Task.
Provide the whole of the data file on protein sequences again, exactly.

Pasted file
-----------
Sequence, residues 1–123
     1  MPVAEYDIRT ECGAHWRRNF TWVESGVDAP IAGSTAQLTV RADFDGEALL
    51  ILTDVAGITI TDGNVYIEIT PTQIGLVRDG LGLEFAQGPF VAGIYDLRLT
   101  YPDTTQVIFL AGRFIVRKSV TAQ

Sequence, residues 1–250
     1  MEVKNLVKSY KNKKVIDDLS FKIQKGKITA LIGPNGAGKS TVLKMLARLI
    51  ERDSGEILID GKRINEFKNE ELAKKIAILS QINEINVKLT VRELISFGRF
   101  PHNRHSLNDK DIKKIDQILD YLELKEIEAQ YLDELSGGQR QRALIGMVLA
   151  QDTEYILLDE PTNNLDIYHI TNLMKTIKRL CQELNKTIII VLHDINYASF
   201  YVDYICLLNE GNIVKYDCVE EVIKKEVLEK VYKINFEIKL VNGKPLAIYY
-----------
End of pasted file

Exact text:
Sequence, residues 1–123
     1  MPVAEYDIRT ECGAHWRRNF TWVESGVDAP IAGSTAQLTV RADFDGEALL
    51  ILTDVAGITI TDGNVYIEIT PTQIGLVRDG LGLEFAQGPF VAGIYDLRLT
   101  YPDTTQVIFL AGRFIVRKSV TAQ

Sequence, residues 1–250
     1  MEVKNLVKSY KNKKVIDDLS FKIQKGKITA LIGPNGAGKS TVLKMLARLI
    51  ERDSGEILID GKRINEFKNE ELAKKIAILS QINEINVKLT VRELISFGRF
   101  PHNRHSLNDK DIKKIDQILD YLELKEIEAQ YLDELSGGQR QRALIGMVLA
   151  QDTEYILLDE PTNNLDIYHI TNLMKTIKRL CQELNKTIII VLHDINYASF
   201  YVDYICLLNE GNIVKYDCVE EVIKKEVLEK VYKINFEIKL VNGKPLAIYY